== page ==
SalesforceDX brings to the Salesforce ecosystem a new way of developing applications on the platform, and using a new form of metadata for that. This new development model is great for CI/CD and testing (with disposable environments).

However I'm having a difficult time on defining who the target audience is. Because every example, every tutorial, every video I've seen so far seems to be focused on teams developing applications to the market.

Everything is great, but how about customers that have highly customized applications, that will not get published (in-house development)? The organization that serves as production environment is also the dev hub? Can scratch orgs replace sandboxes? Will this new model replace the current model that is based on change sets? Can customers who do in-house development benefit from SFDX?


Yes, customers can use DX internally to develop and test their changes. Here's what I've gleaned after playing with it a bit:

  1. Production is the dev hub. This doesn't mean you are doing development in prod, it is just the org used to determine how many scratch orgs you can have at a time. (At this point, licensing is still unclear.)
  2. Scratch orgs will replace developer's sandboxes for building out new features. Sandboxes still have a place for UAT and release management.
  3. You can't use DX to push diffs to sandboxes or production orgs. You'll still need to use the metadata api. DX provides a tool to convert to and from the metadata API format.
  4. For release management, I still haven't quite figured out what I want to do. I'm leaning towards have a sandbox that gets all the metadata pushed in as it is checked into source control, and then doing a push from there to prod either using change sets or the metadata api.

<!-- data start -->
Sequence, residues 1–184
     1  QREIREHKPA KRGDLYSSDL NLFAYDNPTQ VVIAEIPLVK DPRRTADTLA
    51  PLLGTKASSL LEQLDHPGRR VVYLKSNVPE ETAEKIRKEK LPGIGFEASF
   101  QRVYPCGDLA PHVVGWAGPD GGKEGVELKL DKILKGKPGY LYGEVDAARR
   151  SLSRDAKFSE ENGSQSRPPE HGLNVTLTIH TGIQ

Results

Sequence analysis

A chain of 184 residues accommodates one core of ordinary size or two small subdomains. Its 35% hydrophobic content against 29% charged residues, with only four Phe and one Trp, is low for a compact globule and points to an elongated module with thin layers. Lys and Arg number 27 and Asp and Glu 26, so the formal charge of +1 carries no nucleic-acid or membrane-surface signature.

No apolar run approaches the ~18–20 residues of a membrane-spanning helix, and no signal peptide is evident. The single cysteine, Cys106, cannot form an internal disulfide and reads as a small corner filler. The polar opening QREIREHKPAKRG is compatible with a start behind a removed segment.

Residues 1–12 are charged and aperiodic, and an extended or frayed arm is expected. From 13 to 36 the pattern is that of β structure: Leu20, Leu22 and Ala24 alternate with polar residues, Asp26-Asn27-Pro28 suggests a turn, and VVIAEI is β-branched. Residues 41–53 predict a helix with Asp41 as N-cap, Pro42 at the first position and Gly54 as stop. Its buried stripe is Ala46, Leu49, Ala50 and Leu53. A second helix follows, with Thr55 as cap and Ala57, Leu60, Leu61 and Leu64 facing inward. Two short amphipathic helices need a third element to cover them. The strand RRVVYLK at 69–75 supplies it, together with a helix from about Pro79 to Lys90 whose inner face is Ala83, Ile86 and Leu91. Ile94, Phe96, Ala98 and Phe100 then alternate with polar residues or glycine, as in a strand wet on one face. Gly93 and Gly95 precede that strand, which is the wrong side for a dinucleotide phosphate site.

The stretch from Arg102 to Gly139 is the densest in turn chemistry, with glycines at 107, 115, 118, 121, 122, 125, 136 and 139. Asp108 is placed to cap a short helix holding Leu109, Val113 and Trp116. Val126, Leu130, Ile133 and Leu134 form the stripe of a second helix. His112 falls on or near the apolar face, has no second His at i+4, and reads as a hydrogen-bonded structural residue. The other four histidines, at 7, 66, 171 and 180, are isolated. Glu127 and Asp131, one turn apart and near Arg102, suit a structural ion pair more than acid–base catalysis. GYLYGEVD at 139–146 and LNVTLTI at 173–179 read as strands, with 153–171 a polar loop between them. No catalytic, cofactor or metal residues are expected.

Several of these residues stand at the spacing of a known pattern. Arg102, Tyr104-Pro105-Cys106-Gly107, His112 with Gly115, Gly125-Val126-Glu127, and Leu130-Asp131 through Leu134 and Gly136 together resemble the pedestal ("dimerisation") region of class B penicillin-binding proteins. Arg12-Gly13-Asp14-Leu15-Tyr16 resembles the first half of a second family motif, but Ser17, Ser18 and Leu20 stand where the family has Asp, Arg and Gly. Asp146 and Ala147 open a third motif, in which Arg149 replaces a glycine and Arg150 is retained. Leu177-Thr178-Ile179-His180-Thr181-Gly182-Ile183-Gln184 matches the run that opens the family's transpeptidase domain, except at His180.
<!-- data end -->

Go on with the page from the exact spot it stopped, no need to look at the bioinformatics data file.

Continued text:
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    In the beta, a single production dev hub org is allotted 50 scratch org licenses. This means 50 scratch orgs may exist at a time for one dev hub org. For trials, it is 40. – pchittum Jul 14 '17 at 21:40

Customers can use DX does NOT mean they should.

In my opinion, DX is way overkill for enterprise customers. Enterprise customers purchase Salesforce products to use them, not to rebuild them. DX requires major investment in devops, pipeline and dependencies management. Purchase a Sales app then hire an army of devops engineers to build it seems wrong from every angles.

The investment in DX is only paid off if your core business is making and selling software. So if you are an ISV, sure go ahead. If you are an enterprise customer and find yourself getting stuck in the DX dependencies mess, you're better off getting on with solving real business problems.

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    Any large-scale enterprise development process requires investment in devops. I think you are dramatically overstating the cost of Salesforce DX relative to, for example, the pre-DX continuous integration and lifecycle management pipelines my end-user enterprise must utilize. – David Reed Aug 15 '18 at 11:27

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